In proliferating the meaning of legitimacy and the variety of categories whose legitimacy needs interrogation, I hope to mobilize the conceptual potential of critical analysis and theory for "change and innovation."(8) I hope to open new arenas of inquiry that are foreclosed within the discursive terrain of Euro-American international legal scholarship/production. Yet, I am aware that, in seeking to transcend the paralyzing antithesis of Euro-American international legal production, it is far too easy to foreclose systemic analysis of the foundational themes raised by my materialist and structuralist critique of neoliberal economics.(9) I argue that the two critiques could be deployed simultaneously. For example, neoliberal economic restructuring (or freemarket reform under the aegis of the Bretton Woods institutions(10)) relies on racial and cultural stereotyping as a central, unstated, but apparent, element of the otherwise neutral-sounding economic justifications in favor of free markets.(11) Since deconstructive critiques of universal categories of representation potentially foreclose critiques of economic relations and relations of production, the deconstructive critique and the foundational critique invariably contradict each other but also operate ambivalently throughout this Review.(12)

Each section of this Review focuses on a major theme(s) in Governmental Illegitimacy. In Part I, I explain how Roth's critique of liberal internationalism is a form of neoconservative realism, and I outline the main themes and arguments Roth makes. Further, I argue that Roth's neoconservative take on legitimacy as a response to liberal internationalists reflects the extent to which debates on governmental legitimacy in the Euro-American academia are trapped within a Eurocentric either/or framework.

Part II argues that, notwithstanding Roth's proposal that neoconservative realism ought to prevail over liberal internationalism in debates on legitimacy, there is a lot of common ground shared by these liberal and conservative proposals, in terms of their implicit or explicit endorsement of American economic hegemony internationally, and in terms of their pretensions of universality and their commitment to a common set of abstract legal principles.

Part III argues that Roth's analysis, in general, diminishes colonialism as ephemeral or exceptional, rather than as integral, continuing, and present. In essence, the continuities and discontinuities among colonialism, the mandate system, and the trusteeship system, as well as the era of self-determination, are left unexamined. In Part IV, I explore the consequences of Roth's maintenance of a public/private distinction: that politics resides in the public arena of intervention in civil society overseas, rather than in the private order.

Part V challenges Roth's allegiance to Euro-American conceptions of the nonintervention norm, a norm which excludes interventions in the economic affairs of sovereign states as a possible international legal violation. I also demonstrate the consequences of the Euro-American hostility to accommodating a countervailing optic that would examine the distributional costs of the market's inability to spread its goodies around the world efficiently, optimally, or even equitably.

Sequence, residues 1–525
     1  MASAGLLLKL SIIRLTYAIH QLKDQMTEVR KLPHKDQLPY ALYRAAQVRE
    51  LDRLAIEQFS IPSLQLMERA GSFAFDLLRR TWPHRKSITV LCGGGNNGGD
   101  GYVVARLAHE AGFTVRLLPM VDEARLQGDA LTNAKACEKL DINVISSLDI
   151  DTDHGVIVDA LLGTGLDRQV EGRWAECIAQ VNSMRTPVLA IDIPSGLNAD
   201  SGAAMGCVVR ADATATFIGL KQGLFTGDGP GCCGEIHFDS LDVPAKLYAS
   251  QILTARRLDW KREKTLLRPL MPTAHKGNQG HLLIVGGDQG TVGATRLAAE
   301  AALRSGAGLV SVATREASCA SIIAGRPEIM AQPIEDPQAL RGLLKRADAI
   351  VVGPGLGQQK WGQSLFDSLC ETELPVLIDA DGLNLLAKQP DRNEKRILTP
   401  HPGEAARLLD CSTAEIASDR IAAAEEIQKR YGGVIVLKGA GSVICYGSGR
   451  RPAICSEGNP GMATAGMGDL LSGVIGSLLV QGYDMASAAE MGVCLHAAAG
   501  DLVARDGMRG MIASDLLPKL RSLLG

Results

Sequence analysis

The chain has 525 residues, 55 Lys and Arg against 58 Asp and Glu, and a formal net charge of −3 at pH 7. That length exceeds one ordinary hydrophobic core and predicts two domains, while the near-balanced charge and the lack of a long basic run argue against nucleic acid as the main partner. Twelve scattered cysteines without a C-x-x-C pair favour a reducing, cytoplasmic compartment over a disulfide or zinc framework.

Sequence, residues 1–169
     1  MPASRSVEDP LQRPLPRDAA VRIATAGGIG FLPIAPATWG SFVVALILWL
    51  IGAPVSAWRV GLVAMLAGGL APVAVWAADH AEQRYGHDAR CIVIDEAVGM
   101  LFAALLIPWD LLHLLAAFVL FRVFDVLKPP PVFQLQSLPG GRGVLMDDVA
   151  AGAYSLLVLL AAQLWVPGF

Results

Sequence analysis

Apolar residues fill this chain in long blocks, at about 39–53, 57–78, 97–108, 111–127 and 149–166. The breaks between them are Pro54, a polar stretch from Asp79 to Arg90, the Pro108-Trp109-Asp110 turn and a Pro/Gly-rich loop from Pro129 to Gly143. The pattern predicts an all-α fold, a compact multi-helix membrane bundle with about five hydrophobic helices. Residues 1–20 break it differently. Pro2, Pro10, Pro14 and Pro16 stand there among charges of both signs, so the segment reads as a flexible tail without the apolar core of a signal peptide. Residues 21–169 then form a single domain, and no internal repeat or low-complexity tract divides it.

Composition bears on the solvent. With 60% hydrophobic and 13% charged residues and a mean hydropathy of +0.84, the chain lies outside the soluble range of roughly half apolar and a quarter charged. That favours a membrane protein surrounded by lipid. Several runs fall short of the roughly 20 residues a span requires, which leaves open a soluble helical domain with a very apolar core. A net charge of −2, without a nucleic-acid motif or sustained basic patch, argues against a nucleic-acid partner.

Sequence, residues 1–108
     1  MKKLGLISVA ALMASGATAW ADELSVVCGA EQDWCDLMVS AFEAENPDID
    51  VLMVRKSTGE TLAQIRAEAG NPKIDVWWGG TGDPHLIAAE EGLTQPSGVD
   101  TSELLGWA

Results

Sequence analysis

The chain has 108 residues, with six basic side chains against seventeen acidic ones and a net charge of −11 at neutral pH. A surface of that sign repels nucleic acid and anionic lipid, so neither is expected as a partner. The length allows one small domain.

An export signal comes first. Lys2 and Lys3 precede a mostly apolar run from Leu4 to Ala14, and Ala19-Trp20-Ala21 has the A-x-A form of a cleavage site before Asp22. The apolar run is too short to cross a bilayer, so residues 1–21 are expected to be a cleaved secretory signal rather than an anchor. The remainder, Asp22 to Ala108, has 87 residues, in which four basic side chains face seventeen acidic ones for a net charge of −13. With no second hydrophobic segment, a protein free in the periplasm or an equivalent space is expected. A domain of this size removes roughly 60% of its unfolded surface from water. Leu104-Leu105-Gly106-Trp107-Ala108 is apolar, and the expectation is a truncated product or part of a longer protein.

In Part VI, I commend how Roth transcends the Liberal, linear story that sovereignty -- classically understood as a consolidated unit that formalizes the boundary between the national and the international -- is in the process of erosion and reformulation. In Part VII, I take issue with Roth's adherence', to the state as a juridical entity bereft of its cultural, national, and ideological dimensions. I argue that, unless the state is thought of in this larger context, it is easy to fail to appreciate the legitimacy/illegitimacy of the postcolonial African state.

Last, in Part VIII, I examine Roth's analysis of the indeterminacy and limitations of both liberal advocacy for participatory rights and neoconservative advocacy for effective control as barometers of legitimacy. Neither of these approaches to legitimacy can be seen outside its alliance with regressive political and economic programs. For example, Roth celebrates Haiti as a success story of intervention because it exemplifies the emerging liberal consensus that participatory rights are a barometer of legitimacy. But the celebration of intervention should not obscure its costs. As a consequence of intervention, President Jean-Bertrand Aristide abandoned a popular economic program that would have benefited the large Haitian underclass by redistributing the wealth held by Haiti's military-economic elite. This also resulted in the return of poor Haitian refugees to Haiti in violation of their rights against non-refoulement with the legal imprimatur of the United States Supreme Court and the collaboration between the United States and the Haitian elite in the domination and exploitation of the Haitian underclass. The Review ends with a conclusion that sums up the broad outlines of my argument.


    I characterize Roth as a neoconservative realist for a variety of reasons. First, Roth, like early American realists, is...